I don’t know why but I’ve never lost my joy at spotting the Needle. Even when I lived in Seattle I’d turn a corner, see it and smile…it’s the man-made landmark equivalent of Mt Rainer to the south. Naturally I couldn’t let this photo opportunity pass by undocumented.
My purchases at the show included a Banksia marginata (from The Desert Northwest, so glad to see some of Ian’s plants at the show!)
And a couple of Euphorbia tirucalli (Sticks on Fire) which were too short for their own window portrait but you can make them out in the group shot if you look close.
Annie’s Annuals wishlist for awhile but this is the first time I’ve seen it in person.
Grevillea x gaudichaudii, love those leaves! I'm afraid this one is going to be hard to find.
What do you think?
An entire container planted with Yucca aloifolia ‘Purpurea’ makes a statement doesn’t it?
click here to read the description Kelley of Far Reaches Farm wrote for this plant.
At first glance I thought this was a baby pink Kniphofia (try not to be scared by the glowing Zebra).
But it’s not. The kind fellow manning the booth (from the Buchart Gardens) told me it’s name, which I promptly forgot. I believe it’s a bulb from South Africa? (*update it's Velthemia capensis, more info here*)
Every year I’m tempted by this Erica ‘Winter Fire”
Here I thought I had discovered a new Acacia, but it was labeled simply Acacia pravissima. The stems look so much darker than the ones I’ve got...striking!
A little succulent eye-candy in the Monrovia booth.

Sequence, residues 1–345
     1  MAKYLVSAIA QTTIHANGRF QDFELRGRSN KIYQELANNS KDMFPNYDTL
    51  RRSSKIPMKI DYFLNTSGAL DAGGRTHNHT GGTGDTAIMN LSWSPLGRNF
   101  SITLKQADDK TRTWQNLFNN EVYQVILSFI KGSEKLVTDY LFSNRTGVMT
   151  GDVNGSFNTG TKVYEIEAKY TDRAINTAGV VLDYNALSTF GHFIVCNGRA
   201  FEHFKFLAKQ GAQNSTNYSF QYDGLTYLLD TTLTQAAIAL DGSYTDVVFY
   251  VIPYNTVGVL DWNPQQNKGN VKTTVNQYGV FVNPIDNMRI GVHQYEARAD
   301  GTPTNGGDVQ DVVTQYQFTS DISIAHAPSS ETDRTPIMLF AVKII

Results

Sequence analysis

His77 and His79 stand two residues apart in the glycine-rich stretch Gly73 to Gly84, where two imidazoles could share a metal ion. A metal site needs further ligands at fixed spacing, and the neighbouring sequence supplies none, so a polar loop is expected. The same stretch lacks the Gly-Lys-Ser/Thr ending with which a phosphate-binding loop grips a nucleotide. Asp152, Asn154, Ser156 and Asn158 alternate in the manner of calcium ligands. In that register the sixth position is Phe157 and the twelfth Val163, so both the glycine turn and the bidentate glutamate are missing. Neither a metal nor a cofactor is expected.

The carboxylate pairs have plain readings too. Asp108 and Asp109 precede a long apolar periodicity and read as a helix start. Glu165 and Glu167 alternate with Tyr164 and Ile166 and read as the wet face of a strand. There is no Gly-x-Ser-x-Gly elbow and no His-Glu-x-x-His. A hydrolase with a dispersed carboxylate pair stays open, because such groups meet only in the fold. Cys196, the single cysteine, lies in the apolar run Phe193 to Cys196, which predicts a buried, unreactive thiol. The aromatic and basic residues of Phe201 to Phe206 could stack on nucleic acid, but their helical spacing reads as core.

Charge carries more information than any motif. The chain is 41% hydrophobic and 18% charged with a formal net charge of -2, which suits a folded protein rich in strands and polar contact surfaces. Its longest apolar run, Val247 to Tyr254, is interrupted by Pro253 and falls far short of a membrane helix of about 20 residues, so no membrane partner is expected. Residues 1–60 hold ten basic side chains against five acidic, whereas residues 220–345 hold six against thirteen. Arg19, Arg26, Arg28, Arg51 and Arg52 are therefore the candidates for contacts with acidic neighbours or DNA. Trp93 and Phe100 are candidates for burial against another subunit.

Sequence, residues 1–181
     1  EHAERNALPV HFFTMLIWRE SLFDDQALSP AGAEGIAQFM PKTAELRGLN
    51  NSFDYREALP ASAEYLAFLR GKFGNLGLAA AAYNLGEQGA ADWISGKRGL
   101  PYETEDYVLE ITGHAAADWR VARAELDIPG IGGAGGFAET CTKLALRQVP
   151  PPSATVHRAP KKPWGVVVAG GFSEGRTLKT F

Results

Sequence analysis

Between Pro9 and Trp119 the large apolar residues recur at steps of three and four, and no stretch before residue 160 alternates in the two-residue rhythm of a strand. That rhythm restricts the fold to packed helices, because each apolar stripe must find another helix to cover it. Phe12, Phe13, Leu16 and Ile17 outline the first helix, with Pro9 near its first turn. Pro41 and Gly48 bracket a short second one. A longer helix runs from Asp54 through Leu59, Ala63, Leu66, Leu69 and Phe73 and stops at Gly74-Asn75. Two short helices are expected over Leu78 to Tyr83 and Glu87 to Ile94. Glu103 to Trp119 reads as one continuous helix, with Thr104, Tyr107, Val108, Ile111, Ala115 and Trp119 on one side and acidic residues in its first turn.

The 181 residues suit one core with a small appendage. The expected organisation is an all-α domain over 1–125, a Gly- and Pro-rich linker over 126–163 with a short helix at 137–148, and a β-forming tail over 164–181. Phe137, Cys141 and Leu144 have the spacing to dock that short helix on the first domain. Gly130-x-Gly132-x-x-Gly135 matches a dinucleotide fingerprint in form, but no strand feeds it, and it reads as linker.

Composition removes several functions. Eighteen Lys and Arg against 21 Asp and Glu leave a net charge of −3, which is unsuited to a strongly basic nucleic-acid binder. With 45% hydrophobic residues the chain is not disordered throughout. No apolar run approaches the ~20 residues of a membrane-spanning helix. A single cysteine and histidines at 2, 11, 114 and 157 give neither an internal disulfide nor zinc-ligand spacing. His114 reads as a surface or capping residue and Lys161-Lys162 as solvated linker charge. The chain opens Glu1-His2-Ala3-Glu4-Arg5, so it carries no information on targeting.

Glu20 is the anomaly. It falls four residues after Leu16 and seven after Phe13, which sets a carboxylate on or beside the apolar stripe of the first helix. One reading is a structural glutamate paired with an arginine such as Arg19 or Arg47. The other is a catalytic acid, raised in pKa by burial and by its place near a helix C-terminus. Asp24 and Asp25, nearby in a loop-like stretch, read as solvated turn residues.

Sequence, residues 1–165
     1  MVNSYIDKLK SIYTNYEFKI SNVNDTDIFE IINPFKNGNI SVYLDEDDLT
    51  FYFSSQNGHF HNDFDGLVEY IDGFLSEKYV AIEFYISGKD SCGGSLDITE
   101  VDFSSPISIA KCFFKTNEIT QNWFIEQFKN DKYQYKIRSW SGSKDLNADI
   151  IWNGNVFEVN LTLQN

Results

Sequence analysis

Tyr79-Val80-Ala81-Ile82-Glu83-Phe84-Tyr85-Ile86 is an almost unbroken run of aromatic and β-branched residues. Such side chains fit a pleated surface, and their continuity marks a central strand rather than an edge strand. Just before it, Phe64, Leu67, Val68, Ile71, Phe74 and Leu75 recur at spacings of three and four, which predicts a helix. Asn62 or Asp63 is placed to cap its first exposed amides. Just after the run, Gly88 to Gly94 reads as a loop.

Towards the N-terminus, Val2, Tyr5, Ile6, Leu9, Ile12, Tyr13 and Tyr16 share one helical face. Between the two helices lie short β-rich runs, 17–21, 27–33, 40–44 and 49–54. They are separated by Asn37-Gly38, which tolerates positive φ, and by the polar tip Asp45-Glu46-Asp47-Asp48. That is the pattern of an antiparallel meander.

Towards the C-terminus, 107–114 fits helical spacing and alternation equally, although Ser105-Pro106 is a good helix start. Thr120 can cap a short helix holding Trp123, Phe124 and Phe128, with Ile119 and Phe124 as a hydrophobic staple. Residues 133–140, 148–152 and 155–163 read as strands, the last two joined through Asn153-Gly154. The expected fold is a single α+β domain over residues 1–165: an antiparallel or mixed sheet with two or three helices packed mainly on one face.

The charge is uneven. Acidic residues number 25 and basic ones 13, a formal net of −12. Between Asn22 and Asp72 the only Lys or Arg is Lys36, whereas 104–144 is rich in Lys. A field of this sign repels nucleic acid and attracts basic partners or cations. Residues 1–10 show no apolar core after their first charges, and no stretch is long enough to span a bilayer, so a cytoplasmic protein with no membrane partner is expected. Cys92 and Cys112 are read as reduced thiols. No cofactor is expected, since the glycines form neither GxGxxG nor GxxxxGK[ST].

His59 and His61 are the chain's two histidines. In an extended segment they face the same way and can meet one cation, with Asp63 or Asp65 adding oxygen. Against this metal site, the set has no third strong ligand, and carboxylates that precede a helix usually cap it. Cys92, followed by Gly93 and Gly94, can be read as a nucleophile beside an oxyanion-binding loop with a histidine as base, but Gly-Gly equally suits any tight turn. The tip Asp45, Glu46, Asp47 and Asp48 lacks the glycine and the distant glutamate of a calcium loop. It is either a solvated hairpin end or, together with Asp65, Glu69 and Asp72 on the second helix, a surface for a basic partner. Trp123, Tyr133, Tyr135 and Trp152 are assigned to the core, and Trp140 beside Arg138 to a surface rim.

Succulent Gardens. I heard Dan Hinkley talk about survivors at his garden in Indianola, WA (and a few of his plant hunting adventures) and Lucy Hardiman discuss winning plant combinations.
On a whim I decided to attend the lecture by Stephen Orr and was I glad I did, he was an excellent speaker. He touched on subjects from his book Tomorrow’s Garden as well as from his “day job” as Editorial Director for Gardening at Martha Stewart Living. When recounting his travels in preparation for writing the book he mentioned a visit to Portland, and noted that here people seem to garden with an eye towards the street. Making a garden with the purpose of sharing it, instead of hiding it away in the back yard. Since he was speaking in Seattle this wasn’t a lame attempt to earn points with the crowd, in fact he expressed concern that Seattleites might hate Portland, a "rivalry" kind of thing. Much to my relief the crowd assured him that wasn’t the case. When talking about the new issue of MSL and a story he did profiling three popular garden bloggers he asked “what is it with garden bloggers?” every garden blogger offers you a cocktail when you visit their garden! What can I say, we are an entertaining bunch! In case you haven’t seen the new issue of MSL that he was referring to it’s worth checking out…after all Martha is on the cover with Agaves!